Now this might actually work: How to ensure that there will be fewer people who want to be politicians

Proposals by Indonesia's president to restrict the right of the country's public servants to practice polygamy have sparked an angry reaction.

Susilo Bambang Yudhoyono proposed extending a law banning the taking of multiple wives to all public servants.

Currently anyone not a civil servant in the predominantly Muslim country is allowed to marry up to four wives.

But a tightening of the law, which bans polygamy under the constitution, could also affect ordinary citizens.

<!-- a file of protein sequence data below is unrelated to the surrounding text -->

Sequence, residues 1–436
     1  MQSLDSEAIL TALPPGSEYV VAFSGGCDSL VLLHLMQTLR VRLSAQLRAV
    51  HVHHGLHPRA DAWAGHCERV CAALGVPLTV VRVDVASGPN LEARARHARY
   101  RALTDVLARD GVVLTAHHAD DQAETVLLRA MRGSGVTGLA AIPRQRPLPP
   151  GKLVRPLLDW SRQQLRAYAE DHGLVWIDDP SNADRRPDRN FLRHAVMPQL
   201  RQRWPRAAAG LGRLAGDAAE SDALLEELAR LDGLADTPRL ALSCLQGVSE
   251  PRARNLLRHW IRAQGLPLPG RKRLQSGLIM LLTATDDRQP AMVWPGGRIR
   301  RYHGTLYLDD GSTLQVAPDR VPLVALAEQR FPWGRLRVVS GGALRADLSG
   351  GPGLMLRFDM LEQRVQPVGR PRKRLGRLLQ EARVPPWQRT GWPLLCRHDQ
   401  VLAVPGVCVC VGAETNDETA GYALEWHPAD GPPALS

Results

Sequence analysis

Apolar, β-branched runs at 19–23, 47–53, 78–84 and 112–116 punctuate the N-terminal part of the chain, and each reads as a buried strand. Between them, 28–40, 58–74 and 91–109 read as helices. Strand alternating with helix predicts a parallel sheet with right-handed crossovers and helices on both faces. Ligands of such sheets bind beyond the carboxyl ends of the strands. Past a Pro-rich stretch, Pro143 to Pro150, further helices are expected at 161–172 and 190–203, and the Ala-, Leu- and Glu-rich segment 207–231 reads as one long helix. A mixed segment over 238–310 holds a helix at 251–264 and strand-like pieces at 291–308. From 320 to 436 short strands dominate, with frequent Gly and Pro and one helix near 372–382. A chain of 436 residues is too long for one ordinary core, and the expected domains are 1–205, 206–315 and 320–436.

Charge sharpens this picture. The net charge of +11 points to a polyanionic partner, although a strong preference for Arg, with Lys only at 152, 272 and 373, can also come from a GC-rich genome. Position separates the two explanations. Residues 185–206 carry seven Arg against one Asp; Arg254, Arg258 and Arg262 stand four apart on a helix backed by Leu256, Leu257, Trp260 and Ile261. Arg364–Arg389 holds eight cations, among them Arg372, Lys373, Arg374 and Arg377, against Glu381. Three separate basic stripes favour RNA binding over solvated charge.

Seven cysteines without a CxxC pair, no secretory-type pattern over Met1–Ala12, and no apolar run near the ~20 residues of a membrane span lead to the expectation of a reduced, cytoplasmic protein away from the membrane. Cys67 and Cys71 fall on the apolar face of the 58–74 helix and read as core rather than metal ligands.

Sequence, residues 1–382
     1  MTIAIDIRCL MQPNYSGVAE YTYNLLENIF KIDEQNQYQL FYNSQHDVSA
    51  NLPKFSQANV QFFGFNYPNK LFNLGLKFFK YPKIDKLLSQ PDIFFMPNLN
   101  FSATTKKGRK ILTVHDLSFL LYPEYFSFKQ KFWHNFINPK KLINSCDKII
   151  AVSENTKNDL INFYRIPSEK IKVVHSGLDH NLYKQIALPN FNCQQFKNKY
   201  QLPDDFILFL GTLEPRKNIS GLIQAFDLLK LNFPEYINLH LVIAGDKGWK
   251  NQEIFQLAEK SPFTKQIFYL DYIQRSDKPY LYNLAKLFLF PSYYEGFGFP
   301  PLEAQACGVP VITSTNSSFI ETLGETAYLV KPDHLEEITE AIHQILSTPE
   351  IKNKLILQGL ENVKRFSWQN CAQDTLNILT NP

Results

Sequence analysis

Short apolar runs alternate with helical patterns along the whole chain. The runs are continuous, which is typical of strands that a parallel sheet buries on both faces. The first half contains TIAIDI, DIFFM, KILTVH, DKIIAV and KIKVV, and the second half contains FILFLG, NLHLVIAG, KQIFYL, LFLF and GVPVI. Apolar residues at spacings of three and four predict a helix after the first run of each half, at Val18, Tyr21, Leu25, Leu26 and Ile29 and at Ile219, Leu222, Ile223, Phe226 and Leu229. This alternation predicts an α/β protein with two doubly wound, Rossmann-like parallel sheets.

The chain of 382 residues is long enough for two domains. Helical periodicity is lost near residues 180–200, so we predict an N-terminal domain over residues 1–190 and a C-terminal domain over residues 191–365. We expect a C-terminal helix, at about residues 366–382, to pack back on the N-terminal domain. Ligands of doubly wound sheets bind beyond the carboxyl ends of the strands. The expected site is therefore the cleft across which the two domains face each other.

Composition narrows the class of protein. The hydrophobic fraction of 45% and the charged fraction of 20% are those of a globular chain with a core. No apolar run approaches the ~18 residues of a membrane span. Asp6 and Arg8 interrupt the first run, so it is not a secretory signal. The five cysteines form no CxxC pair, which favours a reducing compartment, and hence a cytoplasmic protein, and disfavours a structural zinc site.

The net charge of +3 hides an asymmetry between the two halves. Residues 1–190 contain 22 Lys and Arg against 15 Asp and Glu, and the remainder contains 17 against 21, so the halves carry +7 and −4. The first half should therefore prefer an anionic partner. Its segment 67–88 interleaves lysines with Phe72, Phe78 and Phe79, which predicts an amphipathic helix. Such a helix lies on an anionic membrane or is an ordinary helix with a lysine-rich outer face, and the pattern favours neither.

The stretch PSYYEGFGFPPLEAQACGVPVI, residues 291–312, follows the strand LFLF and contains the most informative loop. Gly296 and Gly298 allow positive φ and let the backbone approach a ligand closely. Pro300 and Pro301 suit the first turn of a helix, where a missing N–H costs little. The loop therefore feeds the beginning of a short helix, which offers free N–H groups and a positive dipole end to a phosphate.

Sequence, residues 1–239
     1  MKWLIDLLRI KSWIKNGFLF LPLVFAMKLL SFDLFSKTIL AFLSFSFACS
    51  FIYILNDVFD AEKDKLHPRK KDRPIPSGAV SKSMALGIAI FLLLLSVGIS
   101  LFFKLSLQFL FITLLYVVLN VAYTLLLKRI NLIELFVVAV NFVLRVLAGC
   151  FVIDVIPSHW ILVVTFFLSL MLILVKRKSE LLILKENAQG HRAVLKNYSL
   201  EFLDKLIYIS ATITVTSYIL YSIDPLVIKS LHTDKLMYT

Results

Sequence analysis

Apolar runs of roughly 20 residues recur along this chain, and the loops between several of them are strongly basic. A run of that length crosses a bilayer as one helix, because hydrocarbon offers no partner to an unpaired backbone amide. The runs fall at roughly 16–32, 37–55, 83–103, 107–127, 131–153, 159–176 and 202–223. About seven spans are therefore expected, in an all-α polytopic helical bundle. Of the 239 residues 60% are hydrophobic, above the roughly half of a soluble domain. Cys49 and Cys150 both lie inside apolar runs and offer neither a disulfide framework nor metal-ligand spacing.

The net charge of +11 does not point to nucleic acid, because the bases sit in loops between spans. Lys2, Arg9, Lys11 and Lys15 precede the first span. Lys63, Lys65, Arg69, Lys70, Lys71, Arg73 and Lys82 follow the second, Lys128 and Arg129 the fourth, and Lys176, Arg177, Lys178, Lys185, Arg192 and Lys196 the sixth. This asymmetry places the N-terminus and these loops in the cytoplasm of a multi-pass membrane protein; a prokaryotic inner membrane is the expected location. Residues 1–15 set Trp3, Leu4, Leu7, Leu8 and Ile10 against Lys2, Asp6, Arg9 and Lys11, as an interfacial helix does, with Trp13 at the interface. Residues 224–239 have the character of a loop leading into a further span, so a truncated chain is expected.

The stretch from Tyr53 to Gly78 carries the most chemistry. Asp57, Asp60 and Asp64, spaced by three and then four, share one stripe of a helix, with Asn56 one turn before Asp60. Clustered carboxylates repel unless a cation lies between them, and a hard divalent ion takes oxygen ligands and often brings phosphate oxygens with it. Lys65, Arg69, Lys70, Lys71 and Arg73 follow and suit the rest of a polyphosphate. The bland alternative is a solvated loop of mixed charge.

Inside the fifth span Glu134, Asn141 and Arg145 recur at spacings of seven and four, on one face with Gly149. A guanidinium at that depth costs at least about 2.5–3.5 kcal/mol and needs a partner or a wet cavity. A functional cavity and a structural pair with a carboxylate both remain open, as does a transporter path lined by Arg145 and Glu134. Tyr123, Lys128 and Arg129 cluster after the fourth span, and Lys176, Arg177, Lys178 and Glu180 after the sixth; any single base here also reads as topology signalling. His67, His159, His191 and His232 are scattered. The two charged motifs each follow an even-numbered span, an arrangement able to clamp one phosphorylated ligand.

The BBC's Lucy Williamson, in Jakarta, says that some of the loudest opposition to the president's plan has come from Indonesia's mainstream Muslim parties.

Rarely restricted

They argue that restricting the practice, which they say is sanctioned by the Koran, will lead to increased levels of adultery.

Muslim men who are not working as civil servants are currently allowed to marry up to four wives as defined by Islamic teaching.

Government spokesmen in Indonesia say that rule will be expanded to cover all lawmakers, ministers and other government officials. . . .


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